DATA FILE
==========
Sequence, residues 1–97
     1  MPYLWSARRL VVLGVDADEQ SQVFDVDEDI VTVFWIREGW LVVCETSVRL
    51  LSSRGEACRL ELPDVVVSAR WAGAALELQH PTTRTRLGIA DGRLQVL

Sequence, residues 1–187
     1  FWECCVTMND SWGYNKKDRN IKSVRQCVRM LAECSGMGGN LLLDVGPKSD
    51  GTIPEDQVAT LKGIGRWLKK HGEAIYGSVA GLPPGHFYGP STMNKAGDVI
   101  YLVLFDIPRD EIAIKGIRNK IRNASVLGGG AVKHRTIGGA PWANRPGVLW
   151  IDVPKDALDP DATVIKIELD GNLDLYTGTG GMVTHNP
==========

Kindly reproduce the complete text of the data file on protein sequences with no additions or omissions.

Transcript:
Sequence, residues 1–97
     1  MPYLWSARRL VVLGVDADEQ SQVFDVDEDI VTVFWIREGW LVVCETSVRL
    51  LSSRGEACRL ELPDVVVSAR WAGAALELQH PTTRTRLGIA DGRLQVL

Sequence, residues 1–187
     1  FWECCVTMND SWGYNKKDRN IKSVRQCVRM LAECSGMGGN LLLDVGPKSD
    51  GTIPEDQVAT LKGIGRWLKK HGEAIYGSVA GLPPGHFYGP STMNKAGDVI
   101  YLVLFDIPRD EIAIKGIRNK IRNASVLGGG AVKHRTIGGA PWANRPGVLW
   151  IDVPKDALDP DATVIKIELD GNLDLYTGTG GMVTHNP